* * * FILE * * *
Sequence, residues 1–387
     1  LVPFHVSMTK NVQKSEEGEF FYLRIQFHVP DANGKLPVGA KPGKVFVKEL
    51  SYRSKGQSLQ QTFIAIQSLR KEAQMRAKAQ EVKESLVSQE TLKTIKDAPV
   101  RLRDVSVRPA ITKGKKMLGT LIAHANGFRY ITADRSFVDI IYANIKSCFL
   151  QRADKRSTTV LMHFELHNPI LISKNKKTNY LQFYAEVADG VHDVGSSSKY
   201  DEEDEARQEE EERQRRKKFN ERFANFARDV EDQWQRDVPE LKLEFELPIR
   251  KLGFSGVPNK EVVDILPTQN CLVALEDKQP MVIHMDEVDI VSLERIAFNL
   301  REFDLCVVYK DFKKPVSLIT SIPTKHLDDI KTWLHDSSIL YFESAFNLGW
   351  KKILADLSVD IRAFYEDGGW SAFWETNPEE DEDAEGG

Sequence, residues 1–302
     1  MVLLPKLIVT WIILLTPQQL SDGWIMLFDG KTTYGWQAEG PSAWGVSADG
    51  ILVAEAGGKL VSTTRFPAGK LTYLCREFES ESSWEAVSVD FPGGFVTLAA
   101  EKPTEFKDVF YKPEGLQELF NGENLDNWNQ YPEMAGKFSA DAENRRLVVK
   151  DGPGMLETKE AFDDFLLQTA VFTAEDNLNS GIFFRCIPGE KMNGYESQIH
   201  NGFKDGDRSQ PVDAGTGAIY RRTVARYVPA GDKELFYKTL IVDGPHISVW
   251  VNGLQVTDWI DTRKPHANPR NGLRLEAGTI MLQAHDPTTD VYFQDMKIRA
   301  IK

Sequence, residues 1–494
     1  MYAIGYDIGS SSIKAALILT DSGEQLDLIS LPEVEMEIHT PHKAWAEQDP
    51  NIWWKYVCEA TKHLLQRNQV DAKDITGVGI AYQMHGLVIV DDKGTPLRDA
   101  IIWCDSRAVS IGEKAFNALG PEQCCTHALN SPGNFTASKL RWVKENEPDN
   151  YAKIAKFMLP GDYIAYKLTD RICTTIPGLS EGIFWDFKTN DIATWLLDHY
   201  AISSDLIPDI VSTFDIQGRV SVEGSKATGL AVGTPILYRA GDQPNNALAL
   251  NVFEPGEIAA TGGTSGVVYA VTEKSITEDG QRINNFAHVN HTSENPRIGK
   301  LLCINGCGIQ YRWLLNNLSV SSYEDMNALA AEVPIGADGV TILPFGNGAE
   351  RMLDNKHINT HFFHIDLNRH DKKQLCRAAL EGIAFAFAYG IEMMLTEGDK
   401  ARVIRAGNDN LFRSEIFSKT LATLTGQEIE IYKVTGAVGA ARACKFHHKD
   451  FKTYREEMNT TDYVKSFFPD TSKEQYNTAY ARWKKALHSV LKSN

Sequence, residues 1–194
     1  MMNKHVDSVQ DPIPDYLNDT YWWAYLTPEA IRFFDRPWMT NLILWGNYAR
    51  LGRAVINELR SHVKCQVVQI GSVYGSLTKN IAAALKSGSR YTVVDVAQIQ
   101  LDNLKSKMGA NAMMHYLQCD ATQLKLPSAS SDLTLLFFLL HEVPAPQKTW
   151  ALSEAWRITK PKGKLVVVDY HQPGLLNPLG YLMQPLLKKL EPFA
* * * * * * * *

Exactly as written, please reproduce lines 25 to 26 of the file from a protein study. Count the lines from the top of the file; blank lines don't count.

   301  LLCINGCGIQ YRWLLNNLSV SSYEDMNALA AEVPIGADGV TILPFGNGAE
   351  RMLDNKHINT HFFHIDLNRH DKKQLCRAAL EGIAFAFAYG IEMMLTEGDK